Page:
60% of high-priority research goes unfunded.
Your body makes hormones that tell your cells what to do. These natural hormones are chemical messengers that travel through the blood and control how your tissues and organs work.
Sometimes you can get artificial hormones from outside sources, such as drugs or chemicals in the environment. Hormones from outside sources can raise or lower your hormone levels. There is concern that these changes in hormone levels can increase the risk of cancer.
Chemicals and hormones
Recent studies have focused on a group of chemicals called endocrine disruptors. These chemicals can interfere or disrupt the function of the endocrine system. They can disrupt the endocrine system in a few ways, such as by:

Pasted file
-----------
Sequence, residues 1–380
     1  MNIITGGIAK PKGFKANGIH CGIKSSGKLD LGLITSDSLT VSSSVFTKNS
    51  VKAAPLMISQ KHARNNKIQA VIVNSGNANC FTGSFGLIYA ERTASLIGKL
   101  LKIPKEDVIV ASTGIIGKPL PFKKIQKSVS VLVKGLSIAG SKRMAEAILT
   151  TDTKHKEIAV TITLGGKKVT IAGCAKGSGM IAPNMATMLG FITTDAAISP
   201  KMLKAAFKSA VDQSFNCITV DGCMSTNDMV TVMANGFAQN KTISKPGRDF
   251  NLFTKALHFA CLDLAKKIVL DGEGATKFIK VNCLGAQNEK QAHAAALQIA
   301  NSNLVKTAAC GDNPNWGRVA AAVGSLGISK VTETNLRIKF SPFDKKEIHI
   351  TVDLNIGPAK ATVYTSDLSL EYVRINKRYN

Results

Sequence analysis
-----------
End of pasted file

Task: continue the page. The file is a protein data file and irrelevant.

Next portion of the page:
- mimicking the action of certain naturally-occurring hormones, such as estrogen, in the body
- blocking the action of certain hormones
- interfering with the production of hormones or hormone receptors
- altering the chemical messages sent by hormones
The concern is that endocrine disruptors could change the action of hormones in our bodies and lead to health problems, such as cancer. The evidence linking most endocrine disruptors to cancer so far has generally been poor or not consistent.
Although the evidence linking endocrine disruptors to cancer is generally poor or inconsistent, some flame retardants (PBDEs) and phthalates may increase cancer risk. Research is still ongoing into these and other endocrine disruptors.